Early-stage social ventures : resource acquisition, CEO selection, and impact investors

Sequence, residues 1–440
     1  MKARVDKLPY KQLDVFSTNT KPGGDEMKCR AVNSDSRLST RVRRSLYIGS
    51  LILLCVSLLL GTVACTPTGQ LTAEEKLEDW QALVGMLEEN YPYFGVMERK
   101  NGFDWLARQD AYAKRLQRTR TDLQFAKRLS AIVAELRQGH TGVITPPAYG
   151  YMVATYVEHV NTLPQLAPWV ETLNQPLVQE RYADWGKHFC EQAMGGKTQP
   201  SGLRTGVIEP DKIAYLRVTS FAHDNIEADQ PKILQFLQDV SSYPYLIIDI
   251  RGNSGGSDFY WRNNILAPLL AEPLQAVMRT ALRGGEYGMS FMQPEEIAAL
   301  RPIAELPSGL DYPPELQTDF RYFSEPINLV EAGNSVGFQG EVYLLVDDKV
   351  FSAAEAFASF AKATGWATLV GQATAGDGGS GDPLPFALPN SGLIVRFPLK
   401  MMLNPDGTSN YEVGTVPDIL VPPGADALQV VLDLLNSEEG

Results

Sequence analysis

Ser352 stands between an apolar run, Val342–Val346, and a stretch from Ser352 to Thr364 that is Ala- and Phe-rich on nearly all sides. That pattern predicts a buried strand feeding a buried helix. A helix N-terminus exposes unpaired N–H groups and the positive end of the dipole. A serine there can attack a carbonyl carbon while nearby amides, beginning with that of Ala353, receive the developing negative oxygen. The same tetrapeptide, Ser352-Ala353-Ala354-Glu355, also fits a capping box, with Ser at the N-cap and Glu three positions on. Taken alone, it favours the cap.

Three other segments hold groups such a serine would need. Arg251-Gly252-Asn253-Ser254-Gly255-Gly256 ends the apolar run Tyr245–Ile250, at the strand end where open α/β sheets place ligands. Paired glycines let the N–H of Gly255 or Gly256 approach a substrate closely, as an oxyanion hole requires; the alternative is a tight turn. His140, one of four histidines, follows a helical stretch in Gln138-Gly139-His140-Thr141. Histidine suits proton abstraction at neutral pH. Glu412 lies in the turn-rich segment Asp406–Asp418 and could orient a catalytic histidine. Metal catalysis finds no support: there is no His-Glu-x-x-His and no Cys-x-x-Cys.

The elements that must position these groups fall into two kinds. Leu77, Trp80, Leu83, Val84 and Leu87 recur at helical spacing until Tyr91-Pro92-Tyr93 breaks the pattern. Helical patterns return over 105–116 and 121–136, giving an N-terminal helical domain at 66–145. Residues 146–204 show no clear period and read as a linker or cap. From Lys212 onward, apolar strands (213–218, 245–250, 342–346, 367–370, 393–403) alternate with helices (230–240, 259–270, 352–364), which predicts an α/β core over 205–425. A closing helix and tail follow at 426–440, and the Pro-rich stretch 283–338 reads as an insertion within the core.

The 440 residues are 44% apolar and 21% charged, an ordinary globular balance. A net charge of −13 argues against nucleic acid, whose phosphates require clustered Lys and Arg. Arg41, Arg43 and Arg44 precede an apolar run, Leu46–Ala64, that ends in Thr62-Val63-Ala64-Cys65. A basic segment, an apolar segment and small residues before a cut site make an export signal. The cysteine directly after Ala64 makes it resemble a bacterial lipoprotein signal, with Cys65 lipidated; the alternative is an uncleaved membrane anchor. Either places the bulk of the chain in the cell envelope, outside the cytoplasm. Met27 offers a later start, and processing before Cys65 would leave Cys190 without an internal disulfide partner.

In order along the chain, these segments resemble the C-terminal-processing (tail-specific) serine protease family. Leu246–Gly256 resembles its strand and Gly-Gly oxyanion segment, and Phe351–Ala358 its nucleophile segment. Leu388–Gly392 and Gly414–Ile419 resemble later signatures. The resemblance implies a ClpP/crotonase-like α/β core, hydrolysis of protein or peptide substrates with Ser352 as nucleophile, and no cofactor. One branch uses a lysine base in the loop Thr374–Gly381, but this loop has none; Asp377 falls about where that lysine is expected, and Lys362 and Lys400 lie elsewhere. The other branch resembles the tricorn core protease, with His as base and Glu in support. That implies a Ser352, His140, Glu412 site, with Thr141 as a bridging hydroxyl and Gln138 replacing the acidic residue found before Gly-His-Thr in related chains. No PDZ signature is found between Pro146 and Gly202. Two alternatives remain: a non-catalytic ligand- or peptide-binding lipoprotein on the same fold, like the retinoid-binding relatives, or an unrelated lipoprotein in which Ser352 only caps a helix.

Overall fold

In this dissertation, I explore early-stage social ventures' resource acquisition, the first CEO selection, as well as how funding foundations supporting early-stage social ventures overcome challenges emerge from the economic crisis. Social ventures are organizations established by social entrepreneurs who seek to create social impact by providing systematic and sustainable solutions. They pursue the integration of social mission and economic goal in organizations' core, thus are distinguished from both commercial organizations and nonprofits. Successful acquisition of seed capital and the first CEO selection are crucial milestones for social ventures to survive and flourish. The proposed model in Chapter 2 suggested factors of social ventures that affect impact investor's eventual investment decision. It explicates how characteristics of a core founder, a founding team, and a social venture relate to each other and contribute to the increasing possibility of seed capital acquisition. Chapter 3 of this dissertation examines the first CEO selection of social venture. I empirically tested hypotheses using a dataset of 261 social entrepreneurs from 108 social ventures and found that previous working experience in social mission-oriented organizations is crucial for being assigned as the first CEO. Additionally, previous working experience in commercial firms contributes to only female social entrepreneurs' possibility of becoming the first CEO. In Chapter 4, I shift the focus to impact investors and explore the survival strategy of a funding foundation, Echoing Green, in response to financial challenges during the economic downturn in 2008.
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